In Need of an Effective Fiscal Stimulus

Stabilizing the housing market is the first step in remedying other critical factors weighing down the economy, in particular high unemployment and decreased consumer spending. For the vast majority of families in the United States, their home is, or for some was, their largest financial asset. Considering the average American consumer has lost roughly 30% of their home’s value in the past 4 years, it is understandable that consumers would reduce spending. It is also logical to think that they will be hesitant to start spending again until they are confident that their home’s value will not continue to depreciate.

Many of these consumers are also small business owners who are hesitant to spend money hiring employees and beefing up payrolls until their home’s value stabilizes at a minimum. Considering these small business owners employ just over half of all private sector employees, it is imperative that they are confident in both their financial positions and the general economy before hiring new employees.

Now that we have diagnosed the symptom to the current economic disaster, let’s address a critical question: What can be done to improve and help stabilize the housing market? The answer is simple… cooperation primarily from banks, Fannie Mae, Freddie Mac and the Federal Housing Administration. Banks are intentionally slowing the amount of time they take to foreclose on home owners in order to slow the losses they are required to report on their balance sheets. Banks hope that by slowing these “write downs”, they can offset their losses with profits in other areas. This is a recipe for a slow demise for the banks and the economy in general, considering the trillions of dollars in write downs banks have not yet accounted for which will eventually have to be recorded on their balance sheets.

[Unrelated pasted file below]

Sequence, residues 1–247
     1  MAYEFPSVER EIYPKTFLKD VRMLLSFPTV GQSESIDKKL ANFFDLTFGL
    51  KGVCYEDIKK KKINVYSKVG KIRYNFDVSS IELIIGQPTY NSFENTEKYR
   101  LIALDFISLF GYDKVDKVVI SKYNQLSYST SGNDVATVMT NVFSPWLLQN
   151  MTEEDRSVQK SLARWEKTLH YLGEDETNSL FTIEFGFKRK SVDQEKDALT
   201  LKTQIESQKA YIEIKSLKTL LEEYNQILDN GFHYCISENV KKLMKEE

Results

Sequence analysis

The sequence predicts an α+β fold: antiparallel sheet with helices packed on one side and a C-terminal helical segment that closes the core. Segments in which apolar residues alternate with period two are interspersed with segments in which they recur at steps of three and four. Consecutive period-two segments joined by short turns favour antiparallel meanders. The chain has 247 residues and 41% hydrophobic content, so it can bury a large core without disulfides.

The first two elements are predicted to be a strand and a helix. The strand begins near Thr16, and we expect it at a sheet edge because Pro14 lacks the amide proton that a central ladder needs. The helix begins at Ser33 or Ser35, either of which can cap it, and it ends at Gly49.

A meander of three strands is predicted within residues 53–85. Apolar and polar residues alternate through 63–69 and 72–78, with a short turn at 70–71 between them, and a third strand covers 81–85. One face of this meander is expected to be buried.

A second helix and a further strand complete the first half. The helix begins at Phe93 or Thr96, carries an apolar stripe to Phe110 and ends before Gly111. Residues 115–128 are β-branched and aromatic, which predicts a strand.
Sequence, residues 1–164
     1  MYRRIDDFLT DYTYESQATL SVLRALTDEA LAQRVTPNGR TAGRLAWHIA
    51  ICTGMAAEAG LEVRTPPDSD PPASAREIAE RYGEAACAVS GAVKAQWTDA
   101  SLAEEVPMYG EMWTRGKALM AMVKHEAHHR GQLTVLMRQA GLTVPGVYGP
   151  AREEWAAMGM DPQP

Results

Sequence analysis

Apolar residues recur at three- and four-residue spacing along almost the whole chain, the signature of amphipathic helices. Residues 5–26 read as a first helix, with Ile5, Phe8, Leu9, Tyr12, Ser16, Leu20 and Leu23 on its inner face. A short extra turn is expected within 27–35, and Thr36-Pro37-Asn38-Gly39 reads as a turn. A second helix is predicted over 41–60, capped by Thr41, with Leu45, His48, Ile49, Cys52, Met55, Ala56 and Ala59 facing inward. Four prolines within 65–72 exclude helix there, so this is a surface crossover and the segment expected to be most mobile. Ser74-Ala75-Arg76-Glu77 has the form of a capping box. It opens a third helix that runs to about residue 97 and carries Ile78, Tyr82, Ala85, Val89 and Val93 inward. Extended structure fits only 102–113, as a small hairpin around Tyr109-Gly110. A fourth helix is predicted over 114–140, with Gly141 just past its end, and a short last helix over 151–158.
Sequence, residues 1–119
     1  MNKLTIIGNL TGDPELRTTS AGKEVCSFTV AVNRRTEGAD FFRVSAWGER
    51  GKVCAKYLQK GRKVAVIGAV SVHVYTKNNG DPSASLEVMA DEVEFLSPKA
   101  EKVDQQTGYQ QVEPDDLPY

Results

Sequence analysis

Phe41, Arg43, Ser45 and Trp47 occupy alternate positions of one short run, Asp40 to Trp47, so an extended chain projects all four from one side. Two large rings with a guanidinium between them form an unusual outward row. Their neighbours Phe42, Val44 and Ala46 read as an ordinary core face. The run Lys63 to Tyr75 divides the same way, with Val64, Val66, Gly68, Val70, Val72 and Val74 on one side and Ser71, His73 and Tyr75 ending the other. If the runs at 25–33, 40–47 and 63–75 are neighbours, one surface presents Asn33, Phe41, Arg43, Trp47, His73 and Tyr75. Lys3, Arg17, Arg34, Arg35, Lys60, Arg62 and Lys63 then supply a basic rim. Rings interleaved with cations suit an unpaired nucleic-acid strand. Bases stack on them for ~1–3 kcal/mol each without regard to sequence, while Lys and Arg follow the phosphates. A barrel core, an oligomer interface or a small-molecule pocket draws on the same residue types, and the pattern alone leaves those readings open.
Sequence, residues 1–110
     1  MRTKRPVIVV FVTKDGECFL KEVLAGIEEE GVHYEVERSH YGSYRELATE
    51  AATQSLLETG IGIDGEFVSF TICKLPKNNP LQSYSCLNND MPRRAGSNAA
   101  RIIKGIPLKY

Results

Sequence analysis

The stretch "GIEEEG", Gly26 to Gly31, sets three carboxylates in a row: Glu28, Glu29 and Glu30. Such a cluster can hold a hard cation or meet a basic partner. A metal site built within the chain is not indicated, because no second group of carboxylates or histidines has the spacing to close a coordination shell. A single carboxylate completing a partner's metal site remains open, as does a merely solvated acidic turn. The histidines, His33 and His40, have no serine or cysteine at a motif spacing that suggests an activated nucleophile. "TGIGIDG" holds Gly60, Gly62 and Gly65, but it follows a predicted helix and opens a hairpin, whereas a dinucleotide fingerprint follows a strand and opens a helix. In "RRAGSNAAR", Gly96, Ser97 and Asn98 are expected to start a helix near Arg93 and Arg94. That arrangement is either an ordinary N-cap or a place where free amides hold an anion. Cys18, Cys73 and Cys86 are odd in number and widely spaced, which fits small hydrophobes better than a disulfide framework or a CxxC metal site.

In some instances, banks have not recorded foreclosures or even begun to market them from consumers who walked away from their homes at the height of the credit crisis in 2008. This means that while a particular neighborhood may have begun to appreciate considering housing payments are the most affordable in history relative to household income, banks foreclosure sales of primarily distressed properties, bring values back down. This pattern will continue for many years until the number of home owners who have mortgage balances greater than their home’s value is drastically reduced. Many potential homebuyers who could afford to and would otherwise be in the market to purchase are deterred from doing so because they believe that foreclosures could continue to drag home values lower.